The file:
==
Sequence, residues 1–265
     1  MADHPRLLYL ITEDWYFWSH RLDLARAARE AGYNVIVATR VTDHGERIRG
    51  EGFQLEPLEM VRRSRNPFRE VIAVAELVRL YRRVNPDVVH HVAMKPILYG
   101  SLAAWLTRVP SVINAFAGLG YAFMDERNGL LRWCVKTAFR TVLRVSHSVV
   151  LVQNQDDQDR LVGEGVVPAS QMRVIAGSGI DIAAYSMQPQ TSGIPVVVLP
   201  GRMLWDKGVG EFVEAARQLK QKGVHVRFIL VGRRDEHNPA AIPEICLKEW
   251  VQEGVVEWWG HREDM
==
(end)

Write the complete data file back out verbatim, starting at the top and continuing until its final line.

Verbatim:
Sequence, residues 1–265
     1  MADHPRLLYL ITEDWYFWSH RLDLARAARE AGYNVIVATR VTDHGERIRG
    51  EGFQLEPLEM VRRSRNPFRE VIAVAELVRL YRRVNPDVVH HVAMKPILYG
   101  SLAAWLTRVP SVINAFAGLG YAFMDERNGL LRWCVKTAFR TVLRVSHSVV
   151  LVQNQDDQDR LVGEGVVPAS QMRVIAGSGI DIAAYSMQPQ TSGIPVVVLP
   201  GRMLWDKGVG EFVEAARQLK QKGVHVRFIL VGRRDEHNPA AIPEICLKEW
   251  VQEGVVEWWG HREDM